If anybody solves the problem of making digital comics for multiple screens, please let me know. I'm trying to make my own comics right now, with the intent of self-publishing them to Gumroad.

I imagine people are going to be reading comics on devices more and more, probably smart phones. I don't know about anyone else, but for me, it's been one hell of a design challenge. It's a real struggle to come up with a layout that works for all of the different resolutions and proportions floating around out there.
posted by KHAAAN! at 7:55 AM on September 8, 2015

I can't really understand why that is necessary, when no other comics reader has that limitation.

Not having seen it either, I wonder if this isn't mostly an aspect ratio issue? Surely they can scale the art, but perhaps they don't want black bars on the screen? Choosing a few iOS models means that only have to worry about a single aspect ratio and text size.

Comics on most phones, even the big ones are pretty sub-par in my experience. This is one place where a bigger tablet really shines. An iPad mini however, is a much wider screen (in portrait) than a Nexus 7. Scaling the wide iOS screen to an Android one might look pretty terrible. Newer Android tablets are going 4:3, but many of the older ones were 16:10 or even 16:9 (which incidentally is perfect for a traditional comic book page).
posted by bonehead at 9:56 AM on September 8, 2015

I always hate reading comics on screens smaller than a standard comic page, but maybe I'm just so used to that size that anything else just feels wrong.
posted by Sangermaine at 9:59 AM on September 8, 2015

A traditional comic page (full-bleed) seems to be around 7 inches wide x 10.5 inches high, or 12.6 inch diagonal.

I've found that a Nexus 10, with a bang-on 16:10 aspect ratio at ~10 in diagonal is pretty close to the comic book page experience. It's only around 2/3 the area, but it works well enough. An iPad at 4:3 has a similar viewing area, but has black bars on either side. That's single page only, I find double page spreads are uncomfortably small on either device.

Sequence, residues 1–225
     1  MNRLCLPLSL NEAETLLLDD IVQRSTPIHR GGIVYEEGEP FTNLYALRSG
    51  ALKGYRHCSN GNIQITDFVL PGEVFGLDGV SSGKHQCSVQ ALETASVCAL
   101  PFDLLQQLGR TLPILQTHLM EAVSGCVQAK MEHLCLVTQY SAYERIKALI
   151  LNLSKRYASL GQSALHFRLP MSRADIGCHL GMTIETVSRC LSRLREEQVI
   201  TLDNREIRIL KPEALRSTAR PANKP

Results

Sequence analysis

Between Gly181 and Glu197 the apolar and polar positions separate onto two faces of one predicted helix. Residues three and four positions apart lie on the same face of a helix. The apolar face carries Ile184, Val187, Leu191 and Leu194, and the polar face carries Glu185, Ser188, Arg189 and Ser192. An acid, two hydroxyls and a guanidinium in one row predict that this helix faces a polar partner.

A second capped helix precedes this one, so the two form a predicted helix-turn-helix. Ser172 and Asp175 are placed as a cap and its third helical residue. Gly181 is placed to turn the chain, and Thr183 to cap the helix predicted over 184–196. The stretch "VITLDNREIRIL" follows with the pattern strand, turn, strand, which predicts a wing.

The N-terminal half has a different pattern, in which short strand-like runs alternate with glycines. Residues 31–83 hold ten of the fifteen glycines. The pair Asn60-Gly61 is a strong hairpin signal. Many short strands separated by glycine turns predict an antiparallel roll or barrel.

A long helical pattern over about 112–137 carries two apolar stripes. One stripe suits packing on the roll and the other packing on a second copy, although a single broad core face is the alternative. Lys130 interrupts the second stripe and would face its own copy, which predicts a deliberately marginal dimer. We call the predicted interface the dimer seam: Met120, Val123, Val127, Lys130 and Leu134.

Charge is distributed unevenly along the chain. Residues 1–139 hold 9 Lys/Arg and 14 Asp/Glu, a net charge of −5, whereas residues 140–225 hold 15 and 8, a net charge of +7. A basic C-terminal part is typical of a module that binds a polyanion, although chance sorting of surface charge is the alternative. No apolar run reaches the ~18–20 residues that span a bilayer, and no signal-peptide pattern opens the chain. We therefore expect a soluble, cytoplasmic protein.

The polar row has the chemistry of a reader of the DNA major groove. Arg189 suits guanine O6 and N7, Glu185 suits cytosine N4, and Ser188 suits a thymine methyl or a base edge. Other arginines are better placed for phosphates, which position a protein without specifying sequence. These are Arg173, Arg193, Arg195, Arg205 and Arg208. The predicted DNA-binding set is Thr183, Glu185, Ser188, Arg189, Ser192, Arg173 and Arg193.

I don't like the smaller mini devices, either the iPad or the Nexus 7 say, at all---too small. They're in pan and zoom territory, at least with my eyesight.
posted by bonehead at 10:20 AM on September 8, 2015

I mostly read comics on an LG 10" tablet and its fucking awesome. I have full runs of comics I never finished as a kid (Darkhawk, 90s Robin) and comics that are out of print (Ostrander's Suicide Squad). The high quality scans allow you to zoom in and out, rotate to look at double page layouts, and zoom in on the details Its great. I also have full runs of comics that I own in hardbound editions or in storage, and its great being able to carry them all around at once.

I guess what I'm saying is that digital comics are great but I feel like we've already found an excellent solution in the many free or cheap comics readers that already exist.

(This also reminds me about Earwolf's Howl App, which should probably get a FPP after they sort out the clusterfuck of a launch. Its an iOS 'sclusie and really frustrating to use on a browser.)
posted by kittensofthenight at 11:22 AM on September 8, 2015

So. They realize you can take screenshots from iOS devices, right?

So what exact advantage does this provide over a browser?
posted by jefflowrey at 3:04 PM on September 8, 2015

Yeah a 10"+ tablet is amazing for reading comics. We've got a Surface Pro 3 and that is probably what I use it most for (it's really my wife's computer. I am sure she puts it to better use).
posted by any portmanteau in a storm at 8:20 PM on September 8, 2015